Ventrolateral 0.48(0.13) 0.57(0.13) 1.30(0.33) 0.8 2.5

funiculus(VLF)

Ventral 0.58(0.17) 0.66 (0.11) 1.05(0.20) 0.8 1.7

funiculus(VF)

Dorsolateral 0.46(0.12) 0.35(0.13) 1.28(0.24) 0.7 3.2

funiculus(DLF)

Substantia 0.54(0.10) 0.75(0.14) 1.25(0.13) 0.9 1.9

gelatinosa(SG)

Dorsal hom(DH) 2.23(0.40) 2.21(0.43) 2.21(0.44) 2.2 1.0 Ventral horn(VH) 1.54(0. 63) 1.45(0.64) 1.74(0.31) 1.6 1.2


Gray

commissure(GC)


Unable to locate


Unable to locate


Unable to locate


I I ___________




66


Table 5.5 Diffusion coefficient of injured spinal cord (4529). Anatomical Dyy Dxx Dzz trace Dzz/(0.5*(D

Region xx+Dyvy))

Dorsal 1.49(0.54) 1.64(0.55) 1.77(0.52) 1.6 1.1

funiculus(DF)


Ventrolateral 0.77(0.13) 0.82(0.11) 1.05(0.15) 0.9 1.3 funiculus(VLF)

Ventral 0.48(0.14) 0.50(0.14) 1.24(0.21) 0.7 2.5

funiculus(VF)

Dorsolateral Unable to Unable to Unable to

funiculus(DLF) locate locate locate

Substantia Unable to Unable to Unable to

gelatinosa(SG) locate locate locate

Dorsal horn(DH) Unable to Unable to Unable to locate locate locate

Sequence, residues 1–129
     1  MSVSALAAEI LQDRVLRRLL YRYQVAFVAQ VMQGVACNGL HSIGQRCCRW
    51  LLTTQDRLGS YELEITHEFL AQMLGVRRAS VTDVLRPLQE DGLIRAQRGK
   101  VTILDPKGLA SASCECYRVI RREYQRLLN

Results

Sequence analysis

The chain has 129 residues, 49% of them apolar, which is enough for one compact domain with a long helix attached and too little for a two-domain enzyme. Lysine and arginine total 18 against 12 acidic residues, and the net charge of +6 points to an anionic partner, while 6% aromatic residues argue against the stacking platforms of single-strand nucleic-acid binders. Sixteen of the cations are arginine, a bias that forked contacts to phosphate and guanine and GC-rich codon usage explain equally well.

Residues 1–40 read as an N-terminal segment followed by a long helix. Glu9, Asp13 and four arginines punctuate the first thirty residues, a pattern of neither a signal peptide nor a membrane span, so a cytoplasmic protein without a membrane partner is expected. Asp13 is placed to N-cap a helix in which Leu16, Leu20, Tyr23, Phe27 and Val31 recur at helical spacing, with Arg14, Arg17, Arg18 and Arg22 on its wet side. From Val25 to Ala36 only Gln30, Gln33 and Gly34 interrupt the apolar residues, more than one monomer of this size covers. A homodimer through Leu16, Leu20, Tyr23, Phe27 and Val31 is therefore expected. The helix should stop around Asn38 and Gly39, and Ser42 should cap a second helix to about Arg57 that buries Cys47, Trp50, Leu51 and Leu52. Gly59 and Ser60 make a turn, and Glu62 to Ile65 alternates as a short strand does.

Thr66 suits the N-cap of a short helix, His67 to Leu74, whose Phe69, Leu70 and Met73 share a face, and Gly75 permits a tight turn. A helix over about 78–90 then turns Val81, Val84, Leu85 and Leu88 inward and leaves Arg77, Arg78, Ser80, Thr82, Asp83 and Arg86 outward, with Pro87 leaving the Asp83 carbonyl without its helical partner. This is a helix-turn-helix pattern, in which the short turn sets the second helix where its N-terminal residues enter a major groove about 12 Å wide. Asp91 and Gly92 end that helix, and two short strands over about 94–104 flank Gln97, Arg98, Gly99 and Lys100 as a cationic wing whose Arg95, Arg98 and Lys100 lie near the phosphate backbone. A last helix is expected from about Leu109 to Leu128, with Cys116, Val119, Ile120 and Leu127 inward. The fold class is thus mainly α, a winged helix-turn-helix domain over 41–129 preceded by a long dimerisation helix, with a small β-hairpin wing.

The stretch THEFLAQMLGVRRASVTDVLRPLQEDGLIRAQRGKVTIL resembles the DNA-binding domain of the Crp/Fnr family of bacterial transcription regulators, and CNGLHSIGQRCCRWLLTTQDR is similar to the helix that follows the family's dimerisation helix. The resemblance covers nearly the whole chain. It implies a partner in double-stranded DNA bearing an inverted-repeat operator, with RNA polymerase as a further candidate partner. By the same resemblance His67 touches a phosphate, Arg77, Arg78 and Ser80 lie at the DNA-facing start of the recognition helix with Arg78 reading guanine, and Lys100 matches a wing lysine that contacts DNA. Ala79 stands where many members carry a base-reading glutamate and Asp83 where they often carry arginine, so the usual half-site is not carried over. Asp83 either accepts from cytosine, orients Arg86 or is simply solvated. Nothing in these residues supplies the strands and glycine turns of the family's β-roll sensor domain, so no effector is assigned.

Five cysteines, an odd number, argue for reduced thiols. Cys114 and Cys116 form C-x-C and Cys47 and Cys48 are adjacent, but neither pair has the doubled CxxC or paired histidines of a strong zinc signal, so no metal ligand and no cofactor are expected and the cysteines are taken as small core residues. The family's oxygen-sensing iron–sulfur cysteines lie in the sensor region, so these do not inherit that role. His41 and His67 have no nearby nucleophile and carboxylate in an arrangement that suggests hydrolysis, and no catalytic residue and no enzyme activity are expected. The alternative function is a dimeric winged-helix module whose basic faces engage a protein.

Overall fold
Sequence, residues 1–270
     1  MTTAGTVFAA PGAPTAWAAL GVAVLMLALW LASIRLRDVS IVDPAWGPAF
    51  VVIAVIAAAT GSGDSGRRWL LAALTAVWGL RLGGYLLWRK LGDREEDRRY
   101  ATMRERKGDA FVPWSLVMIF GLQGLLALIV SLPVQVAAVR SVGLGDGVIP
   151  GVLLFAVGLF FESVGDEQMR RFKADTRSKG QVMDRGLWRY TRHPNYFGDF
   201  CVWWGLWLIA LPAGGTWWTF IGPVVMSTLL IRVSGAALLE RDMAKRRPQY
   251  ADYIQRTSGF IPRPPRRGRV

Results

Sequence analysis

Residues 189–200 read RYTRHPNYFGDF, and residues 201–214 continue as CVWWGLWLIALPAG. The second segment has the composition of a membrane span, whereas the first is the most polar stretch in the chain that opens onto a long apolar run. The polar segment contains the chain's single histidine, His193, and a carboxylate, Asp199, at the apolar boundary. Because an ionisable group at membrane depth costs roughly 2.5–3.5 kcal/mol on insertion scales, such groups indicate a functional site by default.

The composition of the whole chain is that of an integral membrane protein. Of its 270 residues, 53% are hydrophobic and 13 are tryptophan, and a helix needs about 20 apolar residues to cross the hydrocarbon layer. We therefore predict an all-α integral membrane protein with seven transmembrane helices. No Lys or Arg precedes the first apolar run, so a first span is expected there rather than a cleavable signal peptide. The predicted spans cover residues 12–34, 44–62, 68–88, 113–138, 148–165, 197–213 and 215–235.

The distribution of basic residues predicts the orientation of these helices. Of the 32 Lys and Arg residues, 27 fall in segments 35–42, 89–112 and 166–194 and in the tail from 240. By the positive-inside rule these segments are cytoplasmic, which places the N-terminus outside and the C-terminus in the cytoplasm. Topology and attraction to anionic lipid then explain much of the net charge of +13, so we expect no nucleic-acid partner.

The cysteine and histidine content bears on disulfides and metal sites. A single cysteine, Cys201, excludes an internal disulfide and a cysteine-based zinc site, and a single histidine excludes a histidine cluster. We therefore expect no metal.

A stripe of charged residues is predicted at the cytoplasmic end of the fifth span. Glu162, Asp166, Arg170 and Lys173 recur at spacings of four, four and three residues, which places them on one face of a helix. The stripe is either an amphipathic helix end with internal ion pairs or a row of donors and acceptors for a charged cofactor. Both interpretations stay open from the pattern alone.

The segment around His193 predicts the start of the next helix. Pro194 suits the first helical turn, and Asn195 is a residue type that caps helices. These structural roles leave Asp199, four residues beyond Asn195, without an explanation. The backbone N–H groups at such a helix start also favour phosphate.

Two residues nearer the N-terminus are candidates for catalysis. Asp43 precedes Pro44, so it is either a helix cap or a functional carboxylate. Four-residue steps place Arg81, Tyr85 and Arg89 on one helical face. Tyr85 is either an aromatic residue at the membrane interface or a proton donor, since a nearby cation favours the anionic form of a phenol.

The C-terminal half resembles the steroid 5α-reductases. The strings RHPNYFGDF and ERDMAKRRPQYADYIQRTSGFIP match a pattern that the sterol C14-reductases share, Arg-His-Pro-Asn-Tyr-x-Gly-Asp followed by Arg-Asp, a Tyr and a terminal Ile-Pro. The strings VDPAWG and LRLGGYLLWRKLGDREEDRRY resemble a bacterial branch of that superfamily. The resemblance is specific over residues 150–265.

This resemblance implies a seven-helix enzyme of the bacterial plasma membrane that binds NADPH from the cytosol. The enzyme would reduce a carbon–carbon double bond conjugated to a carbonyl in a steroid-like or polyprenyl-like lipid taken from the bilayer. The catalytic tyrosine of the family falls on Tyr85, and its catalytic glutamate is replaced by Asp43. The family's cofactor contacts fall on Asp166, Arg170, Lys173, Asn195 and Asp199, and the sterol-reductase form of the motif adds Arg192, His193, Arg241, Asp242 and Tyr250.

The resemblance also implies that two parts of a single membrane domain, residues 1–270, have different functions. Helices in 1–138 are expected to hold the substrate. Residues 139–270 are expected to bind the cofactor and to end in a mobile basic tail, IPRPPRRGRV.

Ventral horn(VH) Unable to Unable to Unable to locate locate locate

Gray Unable to Unable to Unable to

commissure(GC) locate locate locate




67


Lateral direction
Dorsal root Sibstantia gelationsa
Dorsal homn Inte mediate Gray atter zone


Ventral Hom White matte
Ventral FRot

Dorsoventral direction Anterposteral direction
Fig 5.1 Anatomic structure of spinal cord. Color legend in the color trace images: Dxx (Dorsoventral, blue), Dyy (Lateral, green), Dzz (Anterposteral, red).




68


Fig 5.2 Diffusion tensor (color trace) of normal rat spinal cord




69


Fig 5.3 Diffusion tensor (color trace) of injured rat spinal cord
















.-a--~


1. ?~. !.~ -


--4


- *-


.CI W>


ft. 4.4 .4-


ft 1


.utt

'4
It.


V -


- t


- - - n
C

V.


'2


'









0



ft ft ~1W-'


4'

C











~,24'' ~ -t ft 'ft
'it'
1*"- .-. WV,'


Fig. 5.4 Full dii fIsion tensor of normal rat spinal cord.


70


p


Al!


ft-. r~.
ft. ~- *4.4ft
ft ft
"'
ft.'
~44t~ ~ XI'?
2' t,.2
~ ~
* ft., -, '
4$
'4> C44,


- , St>'


i


b




71